About this poet

Philip Metres is the author of Sand Opera (Alice James, 2015). He is professor of English at John Carroll University and lives in Cleveland, Ohio.

For the Fifty (Who Formed PEACE With Their Bodies)

In the green beginning,
     in the morning mist,
          they emerge from their chrysalis

of clothes: peel off purses & cells,
     slacks & Gap sweats, turtle-
          necks & tanks, Tommy’s & Salvation

Army, platforms & clogs,
     abandoning bras & lingerie, labels
         & names, courtesies & shames,

the emperor’s rhetoric of defense,
     laying it down, their child-
          stretched or still-taut flesh

giddy in sudden proximity,
     onto the cold earth: bodies fetal or supine,
          as if come-hithering

or dead, wriggle on the grass to form
     the shape of a word yet to come, almost
          embarrassing to name: a word

thicker, heavier than the rolled rags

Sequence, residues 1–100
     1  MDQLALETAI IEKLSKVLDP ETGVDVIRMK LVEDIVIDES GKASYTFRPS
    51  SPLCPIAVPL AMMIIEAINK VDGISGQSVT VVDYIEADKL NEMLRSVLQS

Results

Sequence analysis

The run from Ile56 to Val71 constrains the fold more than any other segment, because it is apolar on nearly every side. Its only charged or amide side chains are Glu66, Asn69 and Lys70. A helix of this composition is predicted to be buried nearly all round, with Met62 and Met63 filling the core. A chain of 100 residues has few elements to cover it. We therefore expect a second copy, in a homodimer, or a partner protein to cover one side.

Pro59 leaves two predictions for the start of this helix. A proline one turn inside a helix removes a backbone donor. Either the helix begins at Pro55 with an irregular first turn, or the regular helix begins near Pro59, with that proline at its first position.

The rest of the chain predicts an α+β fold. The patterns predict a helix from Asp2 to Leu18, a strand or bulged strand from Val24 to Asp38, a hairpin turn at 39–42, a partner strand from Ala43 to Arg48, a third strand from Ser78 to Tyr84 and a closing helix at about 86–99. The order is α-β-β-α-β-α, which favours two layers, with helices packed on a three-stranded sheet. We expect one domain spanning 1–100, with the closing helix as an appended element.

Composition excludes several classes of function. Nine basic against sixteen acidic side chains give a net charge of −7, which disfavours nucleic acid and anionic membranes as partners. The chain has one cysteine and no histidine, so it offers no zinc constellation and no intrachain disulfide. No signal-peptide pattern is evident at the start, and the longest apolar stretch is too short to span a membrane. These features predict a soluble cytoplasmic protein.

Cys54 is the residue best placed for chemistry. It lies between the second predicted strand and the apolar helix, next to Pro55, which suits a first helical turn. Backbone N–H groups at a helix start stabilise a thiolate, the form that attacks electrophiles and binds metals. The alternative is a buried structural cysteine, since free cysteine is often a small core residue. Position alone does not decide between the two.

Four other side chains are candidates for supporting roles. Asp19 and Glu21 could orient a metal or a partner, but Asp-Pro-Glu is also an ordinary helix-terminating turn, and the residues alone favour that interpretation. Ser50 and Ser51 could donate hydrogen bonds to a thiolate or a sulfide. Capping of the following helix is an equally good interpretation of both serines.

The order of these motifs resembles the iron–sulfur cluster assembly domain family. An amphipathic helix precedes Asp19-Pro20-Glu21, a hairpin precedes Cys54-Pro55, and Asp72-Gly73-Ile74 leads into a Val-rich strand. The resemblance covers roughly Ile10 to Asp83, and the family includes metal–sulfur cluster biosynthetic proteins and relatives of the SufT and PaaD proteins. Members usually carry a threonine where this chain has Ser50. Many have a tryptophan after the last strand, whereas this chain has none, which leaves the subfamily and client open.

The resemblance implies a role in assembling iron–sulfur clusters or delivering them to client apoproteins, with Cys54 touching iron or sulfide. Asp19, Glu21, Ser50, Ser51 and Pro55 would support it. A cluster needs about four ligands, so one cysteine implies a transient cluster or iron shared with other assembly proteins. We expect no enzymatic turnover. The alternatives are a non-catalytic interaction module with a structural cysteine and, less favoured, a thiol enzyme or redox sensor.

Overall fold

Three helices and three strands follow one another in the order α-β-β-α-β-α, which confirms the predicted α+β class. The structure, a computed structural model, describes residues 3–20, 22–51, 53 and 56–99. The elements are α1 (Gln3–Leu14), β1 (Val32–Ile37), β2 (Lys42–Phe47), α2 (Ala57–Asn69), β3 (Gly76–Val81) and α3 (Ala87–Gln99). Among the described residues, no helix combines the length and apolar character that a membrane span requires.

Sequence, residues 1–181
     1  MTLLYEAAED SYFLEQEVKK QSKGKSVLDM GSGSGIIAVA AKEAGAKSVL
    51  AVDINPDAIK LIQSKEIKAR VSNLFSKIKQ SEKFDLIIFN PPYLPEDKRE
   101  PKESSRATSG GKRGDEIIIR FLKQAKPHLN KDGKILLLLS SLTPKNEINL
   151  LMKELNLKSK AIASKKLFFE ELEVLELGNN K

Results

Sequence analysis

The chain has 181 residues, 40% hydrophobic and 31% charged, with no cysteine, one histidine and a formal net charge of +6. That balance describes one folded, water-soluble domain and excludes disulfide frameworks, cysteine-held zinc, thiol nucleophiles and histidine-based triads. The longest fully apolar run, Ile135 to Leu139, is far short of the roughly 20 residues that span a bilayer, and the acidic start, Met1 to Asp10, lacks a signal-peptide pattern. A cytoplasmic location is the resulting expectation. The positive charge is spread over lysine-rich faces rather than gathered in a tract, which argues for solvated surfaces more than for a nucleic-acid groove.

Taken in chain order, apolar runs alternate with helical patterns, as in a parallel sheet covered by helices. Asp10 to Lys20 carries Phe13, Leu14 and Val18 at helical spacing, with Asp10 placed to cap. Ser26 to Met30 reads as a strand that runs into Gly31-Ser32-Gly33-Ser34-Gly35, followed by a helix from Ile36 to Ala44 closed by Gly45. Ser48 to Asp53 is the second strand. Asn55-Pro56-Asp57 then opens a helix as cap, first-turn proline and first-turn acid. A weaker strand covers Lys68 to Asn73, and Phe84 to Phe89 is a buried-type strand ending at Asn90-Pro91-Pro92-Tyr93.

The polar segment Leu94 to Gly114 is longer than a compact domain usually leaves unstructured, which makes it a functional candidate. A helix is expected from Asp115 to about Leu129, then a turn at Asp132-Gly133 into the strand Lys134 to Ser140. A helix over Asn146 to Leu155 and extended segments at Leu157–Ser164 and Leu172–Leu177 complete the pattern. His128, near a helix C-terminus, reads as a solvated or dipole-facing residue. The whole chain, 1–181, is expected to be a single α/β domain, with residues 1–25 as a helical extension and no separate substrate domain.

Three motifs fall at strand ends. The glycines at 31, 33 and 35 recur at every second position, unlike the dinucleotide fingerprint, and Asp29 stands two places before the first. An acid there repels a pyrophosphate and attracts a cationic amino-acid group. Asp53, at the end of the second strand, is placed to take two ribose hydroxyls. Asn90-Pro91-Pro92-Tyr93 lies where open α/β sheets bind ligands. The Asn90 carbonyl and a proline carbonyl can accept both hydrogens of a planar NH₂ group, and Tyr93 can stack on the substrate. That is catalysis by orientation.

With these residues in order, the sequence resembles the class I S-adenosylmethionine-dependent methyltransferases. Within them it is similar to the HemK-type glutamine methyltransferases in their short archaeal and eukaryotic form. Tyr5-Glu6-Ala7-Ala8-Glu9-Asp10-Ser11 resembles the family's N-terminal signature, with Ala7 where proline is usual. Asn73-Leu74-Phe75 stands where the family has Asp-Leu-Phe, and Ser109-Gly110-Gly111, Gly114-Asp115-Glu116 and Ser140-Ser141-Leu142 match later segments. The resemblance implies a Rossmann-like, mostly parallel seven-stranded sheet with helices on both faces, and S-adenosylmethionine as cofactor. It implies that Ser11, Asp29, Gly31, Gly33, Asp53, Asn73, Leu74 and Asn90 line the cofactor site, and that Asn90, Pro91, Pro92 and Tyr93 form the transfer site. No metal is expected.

of their bodies seen from a cockpit:
          they touch to make

the word they want to become:
     it’s difficult to get the news
          from our bodies, yet people die each day

for lack of what is found there:
     here: the fifty hold, & still
          to become a testament, a will,

embody something outside
     themselves & themselves: the body,
          the dreaming disarmed body.

Copyright © 2014 by Philip Metres. Reprinted from Split This Rock’s The Quarry: A Social Justice Poetry Database.

Copyright © 2014 by Philip Metres. Reprinted from Split This Rock’s The Quarry: A Social Justice Poetry Database.

Philip Metres

Philip Metres

Philip Metres is the author of Sand Opera (Alice James, 2015). He is professor of English at John Carroll University and lives in Cleveland, Ohio.

by this poet

poem

Wither me to within me:
Welt me to weal me common again:
Withdraw to wear me weary:
Over me to hover and lover again:

Before me to form and perform me:
Round me to rill me liquid incisions:
Behind me to hunt and haunt me:
Down me to drown indecision:

Bury me to

poem

How a Basra librarian
could haul the books each night,
load by load, into her car,

the war ticking like a clock
about to wake. Her small house
swimming in them. How, the British

now crossing the limits
of Basra, the neighbors struck
a chain to pass the bags of books